Contemplative Writing: The Art of Noticing Deeply

Led by: Libby Falk Jones, Ph.D

October 13-14 (optional: evening of October 12), 2018

"The artist, like the monk, has an interior wilderness to discover." -Thomas Merton

Come explore inner and outer spaces through writing and other arts.   We will spend time in writing, reading, and seeing, opening ourselves to the beauty we can notice without and within when we have the opportunity to quiet ourselves.  Through generative writing and viewing exercises, we will invite the unexpected.  The structure includes time for creating in community and in solitude,

as well as time for sharing our work-in-progress as we each desire.  In addition to spending time in the hospitable spaces of Bethany Springs Retreat Center, we will visit the Abbey of Gethsemani.  

Writers at all levels of experience are welcome.  The retreat is limited to ten participants.

  Libby Falk Jones is Professor Emerita in English from Berea College, where she taught creative and contemplative writing for three decades.  Her poems and creative nonfiction have been published in regional and national journals and anthologies, including Still, Anthology of Appalachian Writers, The Merton Seasonal, and New Growth: Recent Kentucky Writing.  She is the author of two books of poems, Above the Eastern Treetops, Blue (Finishing Line, 2010) and, with four other Berea poets, Balance of Five (Berea, 2015).  A practitioner of contemplative photography, she has led workshops on writing and seeing at a variety of locales across the country.  She can be reached at   

Suggested Donation: $90 Includes Lodging, Meals, 2 day retreat, and related materials; optional Friday evening + $60=$150

A Journey Inward Glenda Dent White, past Writer's Retreat participant

I enter the silence a willing prisoner, seeking to discover I know not what 

As trusting as a very young child who has not yet learned disceptions                     

Something stirs deep  within, faint at first but unrelenting Words form of their own volition,

racing across the paper far faster even than my brain could dictate.

Where am I headed? Damned if I know Yet I know with all my being the trip will be worth the risk!

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Going Beyond Meditation: A Guided Meditation Retreat with Centering Prayer and Contemplation Instruction and Practice

Led By: Rick Furman

November 2,3,4 

Based on Tibetan, and Zen Buddhist Meditation techniques, along with Centering Prayer and Contemplative Meditation and will include meditating on the writings of Thomas Merton; so, this will be a blend of a Buddhist and Christian approach to meditation. At the end of his life Merton was in Thailand meeting with Buddhist Monks to dialogue with them.  As we meet we will have the opportunity to recognize both the Christ and the Buddha in each other.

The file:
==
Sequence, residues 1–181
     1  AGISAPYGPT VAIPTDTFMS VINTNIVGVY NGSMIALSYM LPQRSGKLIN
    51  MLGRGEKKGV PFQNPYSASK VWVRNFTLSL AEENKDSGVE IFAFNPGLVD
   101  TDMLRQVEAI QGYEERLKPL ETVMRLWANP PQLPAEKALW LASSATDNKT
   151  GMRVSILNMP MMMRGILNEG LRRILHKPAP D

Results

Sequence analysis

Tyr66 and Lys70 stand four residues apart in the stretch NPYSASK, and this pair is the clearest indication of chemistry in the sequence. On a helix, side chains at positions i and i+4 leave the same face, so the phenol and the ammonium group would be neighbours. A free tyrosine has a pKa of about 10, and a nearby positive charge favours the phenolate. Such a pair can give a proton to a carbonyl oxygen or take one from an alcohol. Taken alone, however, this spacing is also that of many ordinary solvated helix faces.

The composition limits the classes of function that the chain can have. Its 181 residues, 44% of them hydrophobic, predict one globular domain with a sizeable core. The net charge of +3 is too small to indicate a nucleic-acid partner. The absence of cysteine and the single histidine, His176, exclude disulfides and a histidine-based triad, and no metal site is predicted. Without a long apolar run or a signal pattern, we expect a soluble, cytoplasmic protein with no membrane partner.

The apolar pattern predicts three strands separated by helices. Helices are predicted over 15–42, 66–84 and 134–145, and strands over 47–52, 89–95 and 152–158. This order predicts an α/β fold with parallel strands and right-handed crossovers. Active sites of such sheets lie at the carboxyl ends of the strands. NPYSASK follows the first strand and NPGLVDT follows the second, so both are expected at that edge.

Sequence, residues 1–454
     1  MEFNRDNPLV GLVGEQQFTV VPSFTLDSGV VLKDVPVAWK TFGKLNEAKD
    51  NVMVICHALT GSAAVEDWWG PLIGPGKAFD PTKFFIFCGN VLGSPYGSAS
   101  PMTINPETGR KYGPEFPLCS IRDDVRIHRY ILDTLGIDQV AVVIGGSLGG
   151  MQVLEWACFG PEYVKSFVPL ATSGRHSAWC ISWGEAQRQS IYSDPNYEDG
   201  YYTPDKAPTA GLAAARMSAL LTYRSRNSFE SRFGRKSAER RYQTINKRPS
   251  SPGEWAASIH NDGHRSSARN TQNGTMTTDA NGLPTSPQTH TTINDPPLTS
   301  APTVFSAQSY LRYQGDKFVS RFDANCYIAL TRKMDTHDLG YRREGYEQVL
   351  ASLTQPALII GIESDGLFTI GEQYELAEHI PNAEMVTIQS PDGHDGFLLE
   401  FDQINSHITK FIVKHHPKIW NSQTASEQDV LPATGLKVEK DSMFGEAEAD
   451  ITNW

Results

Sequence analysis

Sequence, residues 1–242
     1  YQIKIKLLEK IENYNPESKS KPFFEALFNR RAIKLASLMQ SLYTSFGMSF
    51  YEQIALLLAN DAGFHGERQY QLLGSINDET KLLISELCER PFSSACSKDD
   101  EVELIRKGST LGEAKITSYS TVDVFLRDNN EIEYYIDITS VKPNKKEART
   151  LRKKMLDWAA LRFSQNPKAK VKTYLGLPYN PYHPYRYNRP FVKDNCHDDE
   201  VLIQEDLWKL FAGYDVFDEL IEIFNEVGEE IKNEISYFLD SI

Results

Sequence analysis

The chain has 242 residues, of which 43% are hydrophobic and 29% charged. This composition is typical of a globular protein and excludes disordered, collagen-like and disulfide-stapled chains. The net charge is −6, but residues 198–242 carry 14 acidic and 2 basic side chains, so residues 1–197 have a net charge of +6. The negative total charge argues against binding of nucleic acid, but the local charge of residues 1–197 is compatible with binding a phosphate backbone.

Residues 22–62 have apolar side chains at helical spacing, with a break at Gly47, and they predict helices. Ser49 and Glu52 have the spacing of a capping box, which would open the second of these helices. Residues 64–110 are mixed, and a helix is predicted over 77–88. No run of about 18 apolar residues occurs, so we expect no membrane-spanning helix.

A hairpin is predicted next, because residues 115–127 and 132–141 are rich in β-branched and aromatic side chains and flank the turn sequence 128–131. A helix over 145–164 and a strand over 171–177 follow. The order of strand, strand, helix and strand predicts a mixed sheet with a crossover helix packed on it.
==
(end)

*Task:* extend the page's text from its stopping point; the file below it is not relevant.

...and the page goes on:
Rick is the Resident Director of Bethany Spring.

Suggested Donation: is by donation, includes: Lodging, Meals, the Retreat and related materials

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Awakening The Creative Spirit

October 19 & 20 at Bellarmine University, Louisville, KY.

For more information contact: Ellyn Crutcher: 

email: ellyncrutcher - or - c/o Thomas Merton Center,BellarmineUniversity, 2001 Newburg Rd, Louisville, KY 40205

Sponsored by: Thomas Merton Center at Bellarmine University

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                                                                                                                      Why We Meditate

Here is what James Finley, PhD says about meditation...

...I invite you to join me in reflecting on a way of understanding and appreciating why fidelity to some form of meditation is so helpful to us in our spiritual journey. We can begin by reminding ourselves that the realm of the ego is more dense and intense than the realm of the spirit. Though the realm of the spirit is infinitely more real than ego, ego easily overshadows spirit and hides it from our view. We can sit before the setting sun so upset that we just got a parking ticket that we do not even see the beauty of the setting sun. We tend to be so caught up in what happened that we tend not to be fully aware of what is happening. The point being, that if we are not careful we can spend our whole life skimming over the surface rather than entering into the depths of our own life.

In meditation we take a hiatus from hectic, ego-based ways. In meditation we settle into a more interior, spiritual awareness of the previously unrecognized spiritual depths of the present moment. In meditation we set aside our preoccupations with all we need to do, so we might be as present as we can be in a "Here I am Lord" stance of openness to God.